I like to pass by fancy stores and restaurants and watch the people behind thick glass, taking themselves seriously, driving forks into their mouths between short conversations and head nods. I also like to watch the young waitresses in their short black dresses and white aprons. Although I no longer stand and stare. The last time I did that it was summer and I was leaning on aparked car, watching a couple eat slowly, neither looking at the other. A man from inside, in a black suit, came out and asked me to leave. When I told him that it is a free country, a public space, he told me to leave now, and to get away from the sports car I was resting against. I moved away from the car but refused to leave. Not even two minutes later, a police car came and two female officers got out, walked towards me, and asked for my papers. When I objected and asked them why, they said it was unlawful to stare at people inside commercial places. I said, Well, I am staring at my own reflection in the glass. The couple in the restaurant seemed entertained by all of this. While one of the officers held my papers and went back to the car to check out my past, I watched the couple watching me, as if finally something exciting was happening in their lives.They watched as if from behind a screen, as if it were live news. Now I was part of their TV dinner, I was spinning in a microwave, stripped of my plastic cover, eaten, and defecated the next morning just as the filtered coffee was brewing in the kitchen and the radio was prophesying the weather, telling them what to wear, what to buy, what to say, whom to watch, and whom to like and hate. The couple enjoyed watching me, as if I were some reality show about police chasing people with food-envy syndrome.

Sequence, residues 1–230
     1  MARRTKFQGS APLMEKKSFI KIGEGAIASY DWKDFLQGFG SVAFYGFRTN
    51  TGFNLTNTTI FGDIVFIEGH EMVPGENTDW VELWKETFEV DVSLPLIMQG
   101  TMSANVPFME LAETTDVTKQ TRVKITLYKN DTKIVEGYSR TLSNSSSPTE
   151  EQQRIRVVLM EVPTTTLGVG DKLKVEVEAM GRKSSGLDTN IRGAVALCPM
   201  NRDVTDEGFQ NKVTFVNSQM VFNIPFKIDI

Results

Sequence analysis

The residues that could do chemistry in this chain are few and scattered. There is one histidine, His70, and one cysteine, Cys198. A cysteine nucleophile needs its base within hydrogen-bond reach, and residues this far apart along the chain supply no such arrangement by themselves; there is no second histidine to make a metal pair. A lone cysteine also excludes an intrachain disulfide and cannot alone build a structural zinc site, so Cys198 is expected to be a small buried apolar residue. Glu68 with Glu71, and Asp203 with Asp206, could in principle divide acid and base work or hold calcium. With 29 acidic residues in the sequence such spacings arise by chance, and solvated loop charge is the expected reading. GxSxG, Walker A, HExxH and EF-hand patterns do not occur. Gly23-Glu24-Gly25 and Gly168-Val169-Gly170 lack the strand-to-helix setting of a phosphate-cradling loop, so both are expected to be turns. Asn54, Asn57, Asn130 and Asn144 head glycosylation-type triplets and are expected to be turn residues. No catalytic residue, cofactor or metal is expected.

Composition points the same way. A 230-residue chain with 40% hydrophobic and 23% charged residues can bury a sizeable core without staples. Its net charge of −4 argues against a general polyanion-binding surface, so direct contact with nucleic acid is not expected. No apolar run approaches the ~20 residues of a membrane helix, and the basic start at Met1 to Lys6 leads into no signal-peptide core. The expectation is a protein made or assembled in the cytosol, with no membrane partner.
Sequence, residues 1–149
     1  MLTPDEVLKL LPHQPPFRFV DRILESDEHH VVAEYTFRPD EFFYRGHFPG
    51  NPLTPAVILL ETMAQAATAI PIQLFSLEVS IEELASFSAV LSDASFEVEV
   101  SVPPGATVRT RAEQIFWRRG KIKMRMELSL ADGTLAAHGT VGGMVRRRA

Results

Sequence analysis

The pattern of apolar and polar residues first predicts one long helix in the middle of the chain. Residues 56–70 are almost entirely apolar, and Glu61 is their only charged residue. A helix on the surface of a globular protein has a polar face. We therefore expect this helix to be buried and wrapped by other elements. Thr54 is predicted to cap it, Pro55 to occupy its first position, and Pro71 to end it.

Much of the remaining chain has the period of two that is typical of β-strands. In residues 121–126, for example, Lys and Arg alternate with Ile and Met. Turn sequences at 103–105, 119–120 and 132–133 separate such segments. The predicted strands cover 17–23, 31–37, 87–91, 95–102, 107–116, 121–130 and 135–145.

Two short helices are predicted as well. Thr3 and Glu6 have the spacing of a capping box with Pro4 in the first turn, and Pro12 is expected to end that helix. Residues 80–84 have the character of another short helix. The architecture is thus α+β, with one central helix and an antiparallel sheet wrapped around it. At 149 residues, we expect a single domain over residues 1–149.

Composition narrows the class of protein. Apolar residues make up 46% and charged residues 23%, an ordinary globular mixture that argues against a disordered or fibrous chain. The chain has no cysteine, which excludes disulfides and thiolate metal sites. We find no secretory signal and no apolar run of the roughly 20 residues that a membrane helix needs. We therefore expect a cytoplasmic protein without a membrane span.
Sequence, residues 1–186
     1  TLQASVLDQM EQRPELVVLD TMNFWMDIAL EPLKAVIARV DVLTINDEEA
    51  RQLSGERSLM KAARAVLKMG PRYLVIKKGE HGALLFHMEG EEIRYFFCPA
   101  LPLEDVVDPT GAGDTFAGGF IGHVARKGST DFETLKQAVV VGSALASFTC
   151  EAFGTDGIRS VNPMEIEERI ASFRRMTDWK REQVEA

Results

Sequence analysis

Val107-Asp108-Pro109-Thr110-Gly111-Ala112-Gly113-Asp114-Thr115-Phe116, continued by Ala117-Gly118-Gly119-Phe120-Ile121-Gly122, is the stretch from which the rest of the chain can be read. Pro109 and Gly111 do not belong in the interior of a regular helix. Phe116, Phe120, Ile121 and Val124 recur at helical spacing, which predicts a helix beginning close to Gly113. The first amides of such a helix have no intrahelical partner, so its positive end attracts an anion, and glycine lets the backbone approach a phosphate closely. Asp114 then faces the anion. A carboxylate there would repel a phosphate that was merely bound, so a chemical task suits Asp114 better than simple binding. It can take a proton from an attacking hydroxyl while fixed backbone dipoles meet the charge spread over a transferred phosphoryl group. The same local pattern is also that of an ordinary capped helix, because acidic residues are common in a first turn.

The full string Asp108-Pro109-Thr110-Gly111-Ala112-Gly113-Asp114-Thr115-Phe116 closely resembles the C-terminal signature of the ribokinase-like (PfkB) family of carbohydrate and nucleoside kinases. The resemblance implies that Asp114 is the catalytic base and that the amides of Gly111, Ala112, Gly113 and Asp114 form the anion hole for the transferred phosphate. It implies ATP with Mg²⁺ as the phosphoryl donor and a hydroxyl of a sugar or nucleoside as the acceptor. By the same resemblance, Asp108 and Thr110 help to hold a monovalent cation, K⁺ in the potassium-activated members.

I thought, I will show this happy couple what I am capable of. One of the officers came back from her car, gave me back my papers, and said, You’d better go now if you do not want trouble. So I started to walk. And when I passed the man outside his restaurant, I spat at the ground  beneath him and cursed his Italian suit. Then I crossed the street, entered a magazine store, flipped through a few pages, and came out again. I watched that same couple from behind the glass of the entrance to an office building. Now, all of the sudden, they had something to say to each other, so they had started to converse. And I watched the owner come to their table and talk to them as well.

Excitement had been injected into their mundane lives. I bet they even got an apologetic complimentary drink on the house at my expense. Bourgeois filth! I thought. I want my share!

Continue reading